12/29/09 11:11 AM
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770mdm
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In other instances, “spirit” proves to be a transferable, quantifiable com­modity, as in the case of Moses: “The Lord…took of the ruah that was upon him, and gave it unto the seventy elders,”or in the case of Elisha pleading of Elijah “Let a double portion of your ruah be upon me.”These examples indicate a wider conception of one’s ruah as passing on, in part, to people one has closely interacted with. A father and mother, in particular, give children not only of their body’s genes (as biological parents), but also of their spirit (as relational parents). This in turn explains the circling nature of the biblical Wind.
 
Similarly, we find in the story of Saul that an addition of ruah trans­forms one’s persona (when changed into charismatic king-material), “the ruah of the Lord will come upon you… and you shall be turned into an­other man,”as does its subsequent removal: “But the ruah of the Lord de­parted from Saul.”In ancient Israelite thought an individual is possessed by ruah, not vice versa. Like a social mantle, we assume the air of our ruah during life—rich or poor, husband or wife, meek or brave—but it does not incarnate our inner self.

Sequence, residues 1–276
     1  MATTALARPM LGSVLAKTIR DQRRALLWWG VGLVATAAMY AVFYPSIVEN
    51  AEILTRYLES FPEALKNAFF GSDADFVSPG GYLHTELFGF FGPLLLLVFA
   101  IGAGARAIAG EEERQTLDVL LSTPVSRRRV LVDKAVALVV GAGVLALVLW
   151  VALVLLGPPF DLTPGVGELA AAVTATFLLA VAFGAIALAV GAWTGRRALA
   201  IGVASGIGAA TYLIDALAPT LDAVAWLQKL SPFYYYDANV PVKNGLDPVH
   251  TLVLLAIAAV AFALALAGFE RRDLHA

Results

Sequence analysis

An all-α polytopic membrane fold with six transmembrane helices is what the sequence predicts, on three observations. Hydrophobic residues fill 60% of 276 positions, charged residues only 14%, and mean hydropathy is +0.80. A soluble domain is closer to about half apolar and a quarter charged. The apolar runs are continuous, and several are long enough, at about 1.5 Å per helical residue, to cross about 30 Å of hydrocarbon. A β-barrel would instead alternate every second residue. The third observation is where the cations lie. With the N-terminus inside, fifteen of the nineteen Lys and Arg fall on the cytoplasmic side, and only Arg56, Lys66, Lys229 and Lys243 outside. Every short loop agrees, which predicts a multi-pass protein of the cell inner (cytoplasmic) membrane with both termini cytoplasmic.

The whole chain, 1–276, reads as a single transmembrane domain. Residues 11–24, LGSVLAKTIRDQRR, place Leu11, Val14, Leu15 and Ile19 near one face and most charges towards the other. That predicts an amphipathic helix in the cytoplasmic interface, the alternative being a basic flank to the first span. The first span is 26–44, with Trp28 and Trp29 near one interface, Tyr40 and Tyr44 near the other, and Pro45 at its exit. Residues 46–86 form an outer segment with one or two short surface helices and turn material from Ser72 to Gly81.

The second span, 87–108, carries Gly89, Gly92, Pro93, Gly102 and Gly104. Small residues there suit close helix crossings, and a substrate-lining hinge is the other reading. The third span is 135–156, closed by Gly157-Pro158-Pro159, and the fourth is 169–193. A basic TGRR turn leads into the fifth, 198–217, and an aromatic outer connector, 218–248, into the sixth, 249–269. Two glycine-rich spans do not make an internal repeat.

12/29/09 11:15 AM
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770mdm
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Conclusion.  Ruah is in the feminin but when written in reference to G-d it's male.  Because it's not associated with physicality it's inherently from the spiritual realm.  Because it's from the spiritual realm it infuses physicality and thats why when it's associated with G-d it's male.